Upon release, the 2004 movie received mostly negative reviews and holds an almost identical Rotten Tomatoes score to that of the 1989 incarnation. Originally slated for a sequel despite poor reviews, The Punisher 2 failed to materialize owing to creative issues between the director and Jane. Punisher 2 would eventually be renamed War Zone and Ray Stevenson would be cast in the role as Frank Castle, although this film would have no direct connection to the 2004 outing.

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The Punisher (2004)

  • $54.7MM total earnings | $33.8MM domestic
  • Budget $33MM
  • Punisher 5’ 11” played by Thomas Jane
  • 29% Rotten Tomatoes

Punisher: War Zone (2008)


Punisher: War Zone is an enjoyable Punisher adventure, but it was a disaster for Marvel, Marvel Knights (their mature Production arm) and the R-rated comic book movie genre as a whole… until Deadpool recently reversed conventional wisdom.

In War Zone, Frank Castle (played here by Ray Stevenson) has been punishing criminals for five years. War Zone not only opens with an experienced Punisher rather than re-hashing his origin story a third time, it also introduces one of his archenemies to the big screen: Jigsaw. Frank Castle literally creates Jigsaw by throwing Billy “The Beaut” Russotti (Dominic West from The Wire), “Joker-style” into a glass crushing machine. In the comics and the movie War Zone, the handsome criminal is transformed into Jigsaw after being permanently and irreparably maimed by Frank. As the movie plot progresses, Jigsaw frees his cannibal brother “Loony Bin Jim,” then they both go on the hunt for Frank in a game of cat and mouse and kidney eating.

War Zone also displays a softer side of Frank after he feels responsible for killing an FBI agent, Nicky Donatelli. He tries to make reparations to the agent’s wife and daughter, but only ends up leading Jigsaw and his cronies straight to the family and puts them in harm’s way (“Good job, Frank”).

Frank Castle eventually kills both Jigsaw and his brother, punches some guy so hard his face implodes, destroys just about EVERYBODY ELSE before the end of the movie and at length declares, “This is just the beginning.” Unfortunately, it wasn’t the beginning; it was the end of The Punisher on the silver screen. Critical reception to War Zone was poor, but more importantly, the film only grossed $8MM domestically, making it the lowest grossing film based on a Marvel character – below Howard the Duck.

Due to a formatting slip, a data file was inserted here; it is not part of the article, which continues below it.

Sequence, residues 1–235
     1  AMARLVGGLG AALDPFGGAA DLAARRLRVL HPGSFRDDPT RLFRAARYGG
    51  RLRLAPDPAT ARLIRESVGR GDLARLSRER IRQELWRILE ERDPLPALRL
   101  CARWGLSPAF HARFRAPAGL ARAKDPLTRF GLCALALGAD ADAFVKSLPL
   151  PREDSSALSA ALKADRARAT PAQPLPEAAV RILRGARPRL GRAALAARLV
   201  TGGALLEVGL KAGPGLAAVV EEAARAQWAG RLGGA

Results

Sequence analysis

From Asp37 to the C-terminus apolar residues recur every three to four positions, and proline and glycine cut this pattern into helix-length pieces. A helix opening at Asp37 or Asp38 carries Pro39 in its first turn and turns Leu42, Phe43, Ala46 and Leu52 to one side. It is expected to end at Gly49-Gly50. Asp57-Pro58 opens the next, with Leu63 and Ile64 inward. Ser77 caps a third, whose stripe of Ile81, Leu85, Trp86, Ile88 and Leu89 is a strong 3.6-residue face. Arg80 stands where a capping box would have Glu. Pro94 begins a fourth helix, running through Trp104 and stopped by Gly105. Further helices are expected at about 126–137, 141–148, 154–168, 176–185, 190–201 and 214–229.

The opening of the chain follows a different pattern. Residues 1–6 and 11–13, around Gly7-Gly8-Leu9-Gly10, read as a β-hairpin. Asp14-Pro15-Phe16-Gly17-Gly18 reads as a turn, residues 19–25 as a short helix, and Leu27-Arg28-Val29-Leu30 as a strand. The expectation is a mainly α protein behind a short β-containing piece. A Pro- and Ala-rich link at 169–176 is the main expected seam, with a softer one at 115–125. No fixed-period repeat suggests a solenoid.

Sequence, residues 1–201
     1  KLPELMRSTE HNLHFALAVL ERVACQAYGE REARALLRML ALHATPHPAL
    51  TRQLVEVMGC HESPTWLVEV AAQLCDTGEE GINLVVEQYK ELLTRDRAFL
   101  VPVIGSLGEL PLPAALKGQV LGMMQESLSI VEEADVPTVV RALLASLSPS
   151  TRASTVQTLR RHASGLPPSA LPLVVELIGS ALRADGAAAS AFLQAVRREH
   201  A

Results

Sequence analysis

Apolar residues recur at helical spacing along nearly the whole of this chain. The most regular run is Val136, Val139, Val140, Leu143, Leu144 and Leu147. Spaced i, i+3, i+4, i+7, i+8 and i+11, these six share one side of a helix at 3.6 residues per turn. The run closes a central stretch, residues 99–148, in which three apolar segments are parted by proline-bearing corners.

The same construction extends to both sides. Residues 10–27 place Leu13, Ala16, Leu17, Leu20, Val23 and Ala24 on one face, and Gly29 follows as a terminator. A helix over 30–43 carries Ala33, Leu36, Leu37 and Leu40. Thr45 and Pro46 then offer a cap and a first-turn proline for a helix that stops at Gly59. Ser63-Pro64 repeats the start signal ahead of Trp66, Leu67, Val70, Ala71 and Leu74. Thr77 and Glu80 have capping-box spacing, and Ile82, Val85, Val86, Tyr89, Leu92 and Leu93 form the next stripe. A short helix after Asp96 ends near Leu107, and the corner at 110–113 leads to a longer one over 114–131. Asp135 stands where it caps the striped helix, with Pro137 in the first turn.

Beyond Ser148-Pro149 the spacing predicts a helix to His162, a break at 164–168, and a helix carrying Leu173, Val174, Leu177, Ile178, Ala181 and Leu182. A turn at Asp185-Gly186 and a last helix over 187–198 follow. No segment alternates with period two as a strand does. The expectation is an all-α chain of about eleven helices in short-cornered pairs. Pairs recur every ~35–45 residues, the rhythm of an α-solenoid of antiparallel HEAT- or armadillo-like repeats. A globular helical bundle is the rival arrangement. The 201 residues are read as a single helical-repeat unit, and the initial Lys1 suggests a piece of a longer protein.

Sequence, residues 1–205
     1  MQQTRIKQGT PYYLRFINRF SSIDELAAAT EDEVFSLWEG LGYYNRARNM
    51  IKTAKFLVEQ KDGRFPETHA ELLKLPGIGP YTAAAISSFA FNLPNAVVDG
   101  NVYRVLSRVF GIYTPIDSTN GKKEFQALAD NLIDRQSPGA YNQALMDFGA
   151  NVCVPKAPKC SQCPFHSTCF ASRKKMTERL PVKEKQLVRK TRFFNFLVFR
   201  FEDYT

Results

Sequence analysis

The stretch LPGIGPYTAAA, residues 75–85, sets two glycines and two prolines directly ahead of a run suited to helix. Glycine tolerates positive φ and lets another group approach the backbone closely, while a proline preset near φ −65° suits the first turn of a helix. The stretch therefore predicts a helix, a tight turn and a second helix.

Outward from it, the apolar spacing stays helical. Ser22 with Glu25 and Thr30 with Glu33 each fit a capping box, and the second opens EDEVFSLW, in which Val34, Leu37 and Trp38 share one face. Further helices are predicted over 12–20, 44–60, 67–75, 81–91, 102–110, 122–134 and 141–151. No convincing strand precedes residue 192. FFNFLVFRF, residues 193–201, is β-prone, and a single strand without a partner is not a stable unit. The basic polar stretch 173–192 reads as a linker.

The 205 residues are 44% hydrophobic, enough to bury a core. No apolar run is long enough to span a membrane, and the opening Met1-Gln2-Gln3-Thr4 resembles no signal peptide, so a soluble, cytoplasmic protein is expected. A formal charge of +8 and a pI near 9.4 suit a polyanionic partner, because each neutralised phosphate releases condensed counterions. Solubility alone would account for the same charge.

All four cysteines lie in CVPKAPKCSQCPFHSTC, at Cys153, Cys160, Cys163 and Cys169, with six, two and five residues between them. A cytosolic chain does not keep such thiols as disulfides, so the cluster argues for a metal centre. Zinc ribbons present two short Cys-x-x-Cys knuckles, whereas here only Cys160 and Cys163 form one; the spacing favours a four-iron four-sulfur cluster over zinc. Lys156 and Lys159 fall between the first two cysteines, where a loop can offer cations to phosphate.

It cost $35MM to make. That’s a pretty punishing take for any movie.

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The Punisher: War Zone (2008)

  • $10.1MM total earnings | $8MM domestic
  • Budget $35MM
  • Punisher 6’ 4” played by Ray Stevenson
  • 27% Rotten Tomatoes

Daredevil: Season 2 (2016) on Netflix


It’s no small irony that The Punisher should enjoy better casting and better writing on the small screen than he ever got on the big screen. The second season of Daredevil introduces The Punisher as a secondary character that lacks the famous skull chest symbol for most of the season (despite the promotional graphic above), but channels every other bit of complex character development a fan could hope for.

There’s no re-telling of The Punisher origin story here, but a chilling conversation between a shackled Daredevil and Punisher (so named by the police and his enemies) is enough to deliver a powerful vision of the horror that could create such a vigilante. Jon Bernthal, hot off The Walking Dead a few seasons back, is a revelation as Frank Castle. He and Daredevil share a lot in common in the TV series, including the ability to take a considerable amount of physical punishment and pain.

Steven DeKnight, Daredevil’s showrunner (akin to an Executive Producer) has stated that the Netflix version of The Punisher would be “completely the Marvel version” and he didn’t seem to be overstating his position. Bernthal alternatively described his interpretation of the character as follows: “His superpower is that he is not going to quit, and he is going to go forward no matter what. And that’s as human and grounded a quality as I think as this sort of genre could have.”

Of course, the flip side to the commonality shared by Frank Castle and Daredevil is that they face the problems of Hell’s Kitchen by applying different world views on punishment and redemption. Daredevil believes nobody is ever beyond the point of redemption. Franke conversely, believes any transgression should be met with death. It’s this dynamic that makes their particular confrontation so satisfying and exciting.

For fans of The Punisher, what’s important is that the Marvel version of the character they love has finally been put indelibly on film. Hopefully, this version will only serve to create more fans of the character. At a minimum, it sets a new bar for any future interpretation. We will never again settle for some sub-standard vision. Sorry Dolph.

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The Punisher: Daredevil Season 2 (2016)

  • Punisher 5’ 10” played by Jon Bernthal
  • 72% Rotten Tomatoes

Update to original article (4/21/2016)

According to TV Line and Cinemablend, Netflix could be very close to greenlighting a full season of Punisher episodes, part of a Phase 2 initiative for the streaming channel. In addition to Frank Castle, Blade and Ghost Rider have also been hinted at getting shows and we already know that Luke Cage, Iron Fist, Jessica Jones and Daredevil will be featured in a crossover series called The Defenders.

It’s a really good time to be a comic book fan.

Update (4/29/2016)

Netflix announced via Twitter April 29, 2016 that they would be giving The Punisher his own TV series and Marvel confirmed later. You can read more here.

Update (5/4/2016)

Michael – a fellow fan introduced me to the following Punisher short starring Thomas Jane